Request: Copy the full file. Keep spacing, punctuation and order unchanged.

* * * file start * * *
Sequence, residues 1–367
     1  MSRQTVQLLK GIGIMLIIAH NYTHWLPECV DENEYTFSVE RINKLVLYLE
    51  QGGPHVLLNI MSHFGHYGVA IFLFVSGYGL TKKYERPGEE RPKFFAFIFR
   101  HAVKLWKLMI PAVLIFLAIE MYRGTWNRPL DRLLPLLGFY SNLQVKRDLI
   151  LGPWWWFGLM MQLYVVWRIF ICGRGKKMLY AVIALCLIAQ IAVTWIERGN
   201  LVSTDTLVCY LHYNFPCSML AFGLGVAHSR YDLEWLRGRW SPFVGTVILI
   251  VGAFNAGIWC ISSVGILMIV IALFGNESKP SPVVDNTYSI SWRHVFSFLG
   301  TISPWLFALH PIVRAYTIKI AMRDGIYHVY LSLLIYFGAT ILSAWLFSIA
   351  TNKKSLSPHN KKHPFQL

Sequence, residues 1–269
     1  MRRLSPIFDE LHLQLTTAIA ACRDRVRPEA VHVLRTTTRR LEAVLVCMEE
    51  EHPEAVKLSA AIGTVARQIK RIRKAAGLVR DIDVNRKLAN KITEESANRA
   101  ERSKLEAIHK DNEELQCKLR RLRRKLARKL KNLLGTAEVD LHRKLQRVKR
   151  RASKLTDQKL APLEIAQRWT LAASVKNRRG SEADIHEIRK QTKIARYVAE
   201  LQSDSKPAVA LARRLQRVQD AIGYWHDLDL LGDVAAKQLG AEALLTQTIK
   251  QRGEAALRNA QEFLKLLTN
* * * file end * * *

Sequence, residues 1–367
     1  MSRQTVQLLK GIGIMLIIAH NYTHWLPECV DENEYTFSVE RINKLVLYLE
    51  QGGPHVLLNI MSHFGHYGVA IFLFVSGYGL TKKYERPGEE RPKFFAFIFR
   101  HAVKLWKLMI PAVLIFLAIE MYRGTWNRPL DRLLPLLGFY SNLQVKRDLI
   151  LGPWWWFGLM MQLYVVWRIF ICGRGKKMLY AVIALCLIAQ IAVTWIERGN
   201  LVSTDTLVCY LHYNFPCSML AFGLGVAHSR YDLEWLRGRW SPFVGTVILI
   251  VGAFNAGIWC ISSVGILMIV IALFGNESKP SPVVDNTYSI SWRHVFSFLG
   301  TISPWLFALH PIVRAYTIKI AMRDGIYHVY LSLLIYFGAT ILSAWLFSIA
   351  TNKKSLSPHN KKHPFQL

Sequence, residues 1–269
     1  MRRLSPIFDE LHLQLTTAIA ACRDRVRPEA VHVLRTTTRR LEAVLVCMEE
    51  EHPEAVKLSA AIGTVARQIK RIRKAAGLVR DIDVNRKLAN KITEESANRA
   101  ERSKLEAIHK DNEELQCKLR RLRRKLARKL KNLLGTAEVD LHRKLQRVKR
   151  RASKLTDQKL APLEIAQRWT LAASVKNRRG SEADIHEIRK QTKIARYVAE
   201  LQSDSKPAVA LARRLQRVQD AIGYWHDLDL LGDVAAKQLG AEALLTQTIK
   251  QRGEAALRNA QEFLKLLTN